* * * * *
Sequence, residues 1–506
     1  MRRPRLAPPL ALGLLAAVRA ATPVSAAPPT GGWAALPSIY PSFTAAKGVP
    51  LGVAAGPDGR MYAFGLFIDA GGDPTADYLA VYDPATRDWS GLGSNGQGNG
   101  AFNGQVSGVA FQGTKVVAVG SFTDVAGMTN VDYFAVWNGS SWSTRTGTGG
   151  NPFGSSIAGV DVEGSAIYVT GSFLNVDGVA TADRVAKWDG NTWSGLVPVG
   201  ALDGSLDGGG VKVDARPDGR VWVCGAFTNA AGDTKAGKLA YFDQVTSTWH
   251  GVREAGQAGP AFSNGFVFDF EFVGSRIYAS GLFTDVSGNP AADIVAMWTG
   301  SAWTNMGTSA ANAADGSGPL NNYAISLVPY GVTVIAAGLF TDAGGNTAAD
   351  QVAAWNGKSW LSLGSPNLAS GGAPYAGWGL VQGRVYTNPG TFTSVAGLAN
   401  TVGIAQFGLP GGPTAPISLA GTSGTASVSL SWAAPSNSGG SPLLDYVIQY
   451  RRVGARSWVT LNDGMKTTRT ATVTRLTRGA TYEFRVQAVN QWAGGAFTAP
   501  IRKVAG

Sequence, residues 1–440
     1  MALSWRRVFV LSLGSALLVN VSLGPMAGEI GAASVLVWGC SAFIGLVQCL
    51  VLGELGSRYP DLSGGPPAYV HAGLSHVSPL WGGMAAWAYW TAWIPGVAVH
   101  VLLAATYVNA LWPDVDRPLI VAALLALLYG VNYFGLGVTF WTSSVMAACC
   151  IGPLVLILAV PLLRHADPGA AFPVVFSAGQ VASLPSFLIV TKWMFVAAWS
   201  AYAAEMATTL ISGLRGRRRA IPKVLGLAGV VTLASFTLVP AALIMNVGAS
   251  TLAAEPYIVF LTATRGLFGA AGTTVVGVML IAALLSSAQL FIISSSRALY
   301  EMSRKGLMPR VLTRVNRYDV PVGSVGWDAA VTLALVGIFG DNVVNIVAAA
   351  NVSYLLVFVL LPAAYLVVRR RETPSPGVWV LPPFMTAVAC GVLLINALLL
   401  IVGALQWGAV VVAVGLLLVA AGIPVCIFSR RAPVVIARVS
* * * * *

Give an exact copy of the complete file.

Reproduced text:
Sequence, residues 1–506
     1  MRRPRLAPPL ALGLLAAVRA ATPVSAAPPT GGWAALPSIY PSFTAAKGVP
    51  LGVAAGPDGR MYAFGLFIDA GGDPTADYLA VYDPATRDWS GLGSNGQGNG
   101  AFNGQVSGVA FQGTKVVAVG SFTDVAGMTN VDYFAVWNGS SWSTRTGTGG
   151  NPFGSSIAGV DVEGSAIYVT GSFLNVDGVA TADRVAKWDG NTWSGLVPVG
   201  ALDGSLDGGG VKVDARPDGR VWVCGAFTNA AGDTKAGKLA YFDQVTSTWH
   251  GVREAGQAGP AFSNGFVFDF EFVGSRIYAS GLFTDVSGNP AADIVAMWTG
   301  SAWTNMGTSA ANAADGSGPL NNYAISLVPY GVTVIAAGLF TDAGGNTAAD
   351  QVAAWNGKSW LSLGSPNLAS GGAPYAGWGL VQGRVYTNPG TFTSVAGLAN
   401  TVGIAQFGLP GGPTAPISLA GTSGTASVSL SWAAPSNSGG SPLLDYVIQY
   451  RRVGARSWVT LNDGMKTTRT ATVTRLTRGA TYEFRVQAVN QWAGGAFTAP
   501  IRKVAG

Sequence, residues 1–440
     1  MALSWRRVFV LSLGSALLVN VSLGPMAGEI GAASVLVWGC SAFIGLVQCL
    51  VLGELGSRYP DLSGGPPAYV HAGLSHVSPL WGGMAAWAYW TAWIPGVAVH
   101  VLLAATYVNA LWPDVDRPLI VAALLALLYG VNYFGLGVTF WTSSVMAACC
   151  IGPLVLILAV PLLRHADPGA AFPVVFSAGQ VASLPSFLIV TKWMFVAAWS
   201  AYAAEMATTL ISGLRGRRRA IPKVLGLAGV VTLASFTLVP AALIMNVGAS
   251  TLAAEPYIVF LTATRGLFGA AGTTVVGVML IAALLSSAQL FIISSSRALY
   301  EMSRKGLMPR VLTRVNRYDV PVGSVGWDAA VTLALVGIFG DNVVNIVAAA
   351  NVSYLLVFVL LPAAYLVVRR RETPSPGVWV LPPFMTAVAC GVLLINALLL
   401  IVGALQWGAV VVAVGLLLVA AGIPVCIFSR RAPVVIARVS